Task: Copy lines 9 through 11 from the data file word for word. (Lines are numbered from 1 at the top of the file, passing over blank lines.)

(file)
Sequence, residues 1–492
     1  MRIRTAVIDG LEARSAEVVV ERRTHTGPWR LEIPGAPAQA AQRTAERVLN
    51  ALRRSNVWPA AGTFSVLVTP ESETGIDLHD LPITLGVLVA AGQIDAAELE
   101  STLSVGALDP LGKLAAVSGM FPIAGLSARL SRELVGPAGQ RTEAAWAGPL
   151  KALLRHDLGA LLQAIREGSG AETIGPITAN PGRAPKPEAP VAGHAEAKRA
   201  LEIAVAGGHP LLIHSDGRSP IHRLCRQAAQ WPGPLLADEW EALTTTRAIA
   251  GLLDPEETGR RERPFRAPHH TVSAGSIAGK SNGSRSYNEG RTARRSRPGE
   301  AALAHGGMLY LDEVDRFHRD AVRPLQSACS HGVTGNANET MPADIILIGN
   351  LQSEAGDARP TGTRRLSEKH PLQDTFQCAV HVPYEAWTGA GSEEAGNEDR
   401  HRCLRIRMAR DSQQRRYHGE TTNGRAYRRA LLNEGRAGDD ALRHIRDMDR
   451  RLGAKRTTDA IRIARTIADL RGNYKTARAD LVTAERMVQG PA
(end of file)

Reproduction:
   351  LQSEAGDARP TGTRRLSEKH PLQDTFQCAV HVPYEAWTGA GSEEAGNEDR
   401  HRCLRIRMAR DSQQRRYHGE TTNGRAYRRA LLNEGRAGDD ALRHIRDMDR
   451  RLGAKRTTDA IRIARTIADL RGNYKTARAD LVTAERMVQG PA